Edinburgh is a beautiful city with lots of buildings made from local sandstone. Edinburgh is actually built on a number (seven) of small hills (you’ll notice that as you walk around) and an extinct volcano – which is very noticeable up at Arthur’s Seat (which just happens to be one of the earliest places inhabited in the area. Always a sensible move, building a settlement on a hill top).
I didn’t realise until this trip that the Romans did make it across the border, up to Lothian, which is not a million miles from what is now Edinburgh. The area was already settled and I’m not sure what the Scots made of their visitors. I can’t find any evidence that the Romans conquered them. However, in 638 the King of Northumbria besieged the area and it came under his rule. Not quite the start of a beautiful friendship.
Fast forward to 1603 when James VI of Scotland was asked to take the throne of England as James I. The two countries did not unite at this point in time, it was what was known as the Union of the Crowns. It wasn’t until the Acts of Union were passed in both the Scottish and English legislature in the 18th century that the Kingdom of Great Britain was formed, on 1 May 1707.
From being described as one of Europe’s most densely populated, overcrowded and unsanitary towns in the first half of the 18th century, Edinburgh morphed into the heart of the Scottish Enlightenment in the second half, when it was nicknamed the Athens of the North.
Various industries grew in Edinburgh: brewing, distilling, and later, rubber works and engineering. Like all towns and cities, Edinburgh went through changes of fortune and areas changed. By the 1990s, there was a financial district, the second largest in the UK, and a business park known as Edinburgh Park.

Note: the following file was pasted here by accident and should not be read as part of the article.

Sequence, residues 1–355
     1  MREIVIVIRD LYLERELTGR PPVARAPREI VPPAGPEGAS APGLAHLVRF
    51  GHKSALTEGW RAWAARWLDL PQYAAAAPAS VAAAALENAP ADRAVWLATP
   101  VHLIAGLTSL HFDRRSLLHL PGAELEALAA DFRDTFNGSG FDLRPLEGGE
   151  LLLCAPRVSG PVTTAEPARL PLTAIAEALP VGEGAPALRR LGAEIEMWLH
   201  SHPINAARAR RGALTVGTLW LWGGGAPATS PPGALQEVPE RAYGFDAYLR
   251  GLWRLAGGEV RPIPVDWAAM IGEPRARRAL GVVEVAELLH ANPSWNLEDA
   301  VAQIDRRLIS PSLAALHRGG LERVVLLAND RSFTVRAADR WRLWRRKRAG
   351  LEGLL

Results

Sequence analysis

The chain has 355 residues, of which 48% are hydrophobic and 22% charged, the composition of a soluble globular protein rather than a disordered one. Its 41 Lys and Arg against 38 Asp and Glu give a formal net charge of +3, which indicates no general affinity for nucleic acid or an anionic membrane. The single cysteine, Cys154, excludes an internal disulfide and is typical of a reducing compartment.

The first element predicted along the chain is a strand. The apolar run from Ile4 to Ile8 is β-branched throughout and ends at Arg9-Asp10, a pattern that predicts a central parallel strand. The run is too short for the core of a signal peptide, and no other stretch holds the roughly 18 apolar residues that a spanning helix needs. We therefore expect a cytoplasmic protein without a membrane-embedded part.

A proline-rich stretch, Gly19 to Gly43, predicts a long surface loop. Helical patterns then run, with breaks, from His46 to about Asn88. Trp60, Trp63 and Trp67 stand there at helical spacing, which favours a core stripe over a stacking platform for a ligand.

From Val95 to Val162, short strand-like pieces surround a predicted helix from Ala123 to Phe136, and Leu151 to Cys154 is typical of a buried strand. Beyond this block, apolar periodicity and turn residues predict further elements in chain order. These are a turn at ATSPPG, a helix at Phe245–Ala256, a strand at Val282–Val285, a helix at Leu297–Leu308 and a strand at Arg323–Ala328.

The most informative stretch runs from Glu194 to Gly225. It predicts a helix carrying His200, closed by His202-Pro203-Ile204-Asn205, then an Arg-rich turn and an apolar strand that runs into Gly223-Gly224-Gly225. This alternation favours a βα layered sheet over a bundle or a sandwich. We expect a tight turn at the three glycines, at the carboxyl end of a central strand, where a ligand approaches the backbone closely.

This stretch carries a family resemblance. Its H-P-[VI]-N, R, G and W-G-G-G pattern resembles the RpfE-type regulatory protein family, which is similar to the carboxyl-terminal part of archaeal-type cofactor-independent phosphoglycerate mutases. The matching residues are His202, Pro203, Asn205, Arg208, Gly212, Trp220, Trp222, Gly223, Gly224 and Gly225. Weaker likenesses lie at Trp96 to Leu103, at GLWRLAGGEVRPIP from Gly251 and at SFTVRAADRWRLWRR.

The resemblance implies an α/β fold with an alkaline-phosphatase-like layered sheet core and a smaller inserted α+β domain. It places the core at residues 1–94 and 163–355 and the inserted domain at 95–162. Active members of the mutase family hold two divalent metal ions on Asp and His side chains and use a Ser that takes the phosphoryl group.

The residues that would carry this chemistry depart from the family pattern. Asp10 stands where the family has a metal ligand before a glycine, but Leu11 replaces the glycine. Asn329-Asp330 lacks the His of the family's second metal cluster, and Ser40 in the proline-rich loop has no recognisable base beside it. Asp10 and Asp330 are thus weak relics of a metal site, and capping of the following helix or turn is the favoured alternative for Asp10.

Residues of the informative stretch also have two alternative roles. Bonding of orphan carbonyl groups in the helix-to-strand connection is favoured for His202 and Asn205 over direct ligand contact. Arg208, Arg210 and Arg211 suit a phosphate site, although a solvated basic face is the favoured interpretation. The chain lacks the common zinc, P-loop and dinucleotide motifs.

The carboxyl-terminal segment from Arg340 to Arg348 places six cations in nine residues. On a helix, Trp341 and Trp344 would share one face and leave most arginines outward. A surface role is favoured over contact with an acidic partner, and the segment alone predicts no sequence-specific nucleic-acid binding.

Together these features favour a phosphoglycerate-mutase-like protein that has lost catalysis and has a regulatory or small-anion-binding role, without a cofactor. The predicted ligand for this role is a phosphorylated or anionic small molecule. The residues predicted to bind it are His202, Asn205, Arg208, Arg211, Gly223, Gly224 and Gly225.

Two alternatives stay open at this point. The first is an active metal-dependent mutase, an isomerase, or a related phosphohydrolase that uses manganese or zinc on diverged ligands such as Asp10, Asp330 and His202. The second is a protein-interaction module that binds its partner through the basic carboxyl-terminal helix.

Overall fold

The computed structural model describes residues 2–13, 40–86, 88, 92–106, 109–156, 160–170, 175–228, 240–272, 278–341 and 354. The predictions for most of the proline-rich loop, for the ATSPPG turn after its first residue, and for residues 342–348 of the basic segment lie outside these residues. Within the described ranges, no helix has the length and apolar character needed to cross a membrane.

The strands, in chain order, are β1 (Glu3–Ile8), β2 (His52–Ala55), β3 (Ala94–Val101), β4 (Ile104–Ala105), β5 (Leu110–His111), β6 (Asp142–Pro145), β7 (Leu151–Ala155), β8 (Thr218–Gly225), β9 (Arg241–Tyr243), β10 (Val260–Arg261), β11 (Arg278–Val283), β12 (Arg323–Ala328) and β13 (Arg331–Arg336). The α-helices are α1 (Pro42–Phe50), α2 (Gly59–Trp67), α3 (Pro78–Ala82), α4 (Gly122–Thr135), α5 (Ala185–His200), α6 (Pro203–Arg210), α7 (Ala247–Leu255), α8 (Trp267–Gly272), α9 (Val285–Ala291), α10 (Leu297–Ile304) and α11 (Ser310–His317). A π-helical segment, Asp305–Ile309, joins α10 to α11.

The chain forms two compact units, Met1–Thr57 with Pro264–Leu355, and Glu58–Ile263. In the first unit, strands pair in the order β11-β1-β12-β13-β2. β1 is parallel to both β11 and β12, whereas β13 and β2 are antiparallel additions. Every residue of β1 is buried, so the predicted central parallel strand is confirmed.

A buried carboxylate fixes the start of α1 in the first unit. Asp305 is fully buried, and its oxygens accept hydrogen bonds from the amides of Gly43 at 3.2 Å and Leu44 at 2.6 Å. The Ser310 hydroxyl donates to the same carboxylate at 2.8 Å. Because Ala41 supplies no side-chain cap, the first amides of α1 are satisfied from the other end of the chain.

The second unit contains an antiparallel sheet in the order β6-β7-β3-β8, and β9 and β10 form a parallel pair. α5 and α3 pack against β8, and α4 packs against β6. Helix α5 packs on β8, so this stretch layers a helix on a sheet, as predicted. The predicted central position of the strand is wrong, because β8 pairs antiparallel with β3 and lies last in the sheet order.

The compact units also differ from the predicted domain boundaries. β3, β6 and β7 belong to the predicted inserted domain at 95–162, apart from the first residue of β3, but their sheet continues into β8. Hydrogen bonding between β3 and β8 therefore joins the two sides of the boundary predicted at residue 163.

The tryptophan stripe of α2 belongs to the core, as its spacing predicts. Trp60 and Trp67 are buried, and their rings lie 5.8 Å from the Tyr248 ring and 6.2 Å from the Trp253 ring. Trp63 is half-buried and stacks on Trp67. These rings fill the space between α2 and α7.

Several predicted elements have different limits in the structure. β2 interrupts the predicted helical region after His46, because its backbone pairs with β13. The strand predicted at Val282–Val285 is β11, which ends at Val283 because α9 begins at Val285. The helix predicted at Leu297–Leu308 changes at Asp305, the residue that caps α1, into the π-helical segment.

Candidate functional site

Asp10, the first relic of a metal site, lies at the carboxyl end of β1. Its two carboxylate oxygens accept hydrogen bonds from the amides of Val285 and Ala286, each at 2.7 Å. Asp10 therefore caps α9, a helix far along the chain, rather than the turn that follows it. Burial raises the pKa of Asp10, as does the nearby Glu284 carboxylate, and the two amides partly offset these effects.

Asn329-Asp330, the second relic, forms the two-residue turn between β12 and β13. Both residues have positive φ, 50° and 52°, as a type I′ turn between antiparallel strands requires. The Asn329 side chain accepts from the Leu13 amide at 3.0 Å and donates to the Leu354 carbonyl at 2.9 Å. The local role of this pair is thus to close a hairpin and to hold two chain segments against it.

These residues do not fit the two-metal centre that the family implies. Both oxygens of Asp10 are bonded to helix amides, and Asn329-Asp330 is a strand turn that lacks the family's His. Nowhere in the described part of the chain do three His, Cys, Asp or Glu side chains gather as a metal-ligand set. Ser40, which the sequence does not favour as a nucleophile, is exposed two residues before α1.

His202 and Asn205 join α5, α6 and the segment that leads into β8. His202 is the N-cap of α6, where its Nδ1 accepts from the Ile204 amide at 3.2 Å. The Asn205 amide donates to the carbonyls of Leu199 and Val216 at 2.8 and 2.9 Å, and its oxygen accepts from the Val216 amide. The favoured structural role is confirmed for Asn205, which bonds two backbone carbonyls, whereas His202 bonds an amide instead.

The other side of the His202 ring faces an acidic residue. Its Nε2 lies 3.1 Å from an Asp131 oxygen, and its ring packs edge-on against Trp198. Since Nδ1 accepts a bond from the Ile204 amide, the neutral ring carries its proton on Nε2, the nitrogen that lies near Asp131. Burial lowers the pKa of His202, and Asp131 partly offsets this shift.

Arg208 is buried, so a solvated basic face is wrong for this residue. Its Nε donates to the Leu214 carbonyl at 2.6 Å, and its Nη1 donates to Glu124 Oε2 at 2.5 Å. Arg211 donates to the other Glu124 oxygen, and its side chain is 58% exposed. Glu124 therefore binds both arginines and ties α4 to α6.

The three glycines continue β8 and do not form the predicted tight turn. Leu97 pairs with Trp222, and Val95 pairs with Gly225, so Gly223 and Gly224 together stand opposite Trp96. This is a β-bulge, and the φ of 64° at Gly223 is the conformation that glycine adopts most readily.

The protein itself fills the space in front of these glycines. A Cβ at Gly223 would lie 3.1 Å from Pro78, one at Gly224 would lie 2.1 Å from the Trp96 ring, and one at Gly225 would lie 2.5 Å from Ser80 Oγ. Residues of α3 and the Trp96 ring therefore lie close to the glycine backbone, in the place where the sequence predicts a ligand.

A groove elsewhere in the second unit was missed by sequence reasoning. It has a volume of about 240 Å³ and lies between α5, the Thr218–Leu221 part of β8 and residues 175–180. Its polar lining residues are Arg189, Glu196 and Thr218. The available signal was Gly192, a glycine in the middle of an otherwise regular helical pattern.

Edinburgh is on the south side of the Firth of Forth. There are great views from Arthur’s Seat, one of the extinct volcanos. It’s a lovely city to walk around, with the Castle way on the top of that hill – actually a part of extinct volcano, the Old Town, Calton Hill and the Royal Mile. There are over 4,500 listed buildings in Edinburgh, which is pretty impressive.
Dinner was at Howies, Waterloo Place, which is at the bottom of Calton Hill. If you visit, try the Cullen Skink, a Scottish soup made from haddock, potatoes and onions. It’s delicious. Well, all the food is delicious, but I’m particularly enamoured of the Cullen Skink. (I’ve found a recipe and will try making it.)
We stayed at Point A Hotel, a newly opened hotel, close to where we were working, in the Haymarket area. Very modern and high tec, beautifully clean. I congratulated myself on working out how to use the TV in my room without any mishaps (I have some history with TVs, and not in a good way). I’m sure it was because I staying that they had an event on that involved free drinks…. And we got back from dinner in time to join in.
I suppose all that remains is to say we flew with Flybe on a Dash 8, which made my brother very jealous.
I’m going to go back to Edinburgh for something other than work soon. Watch this space.
© Susan Shirley 2019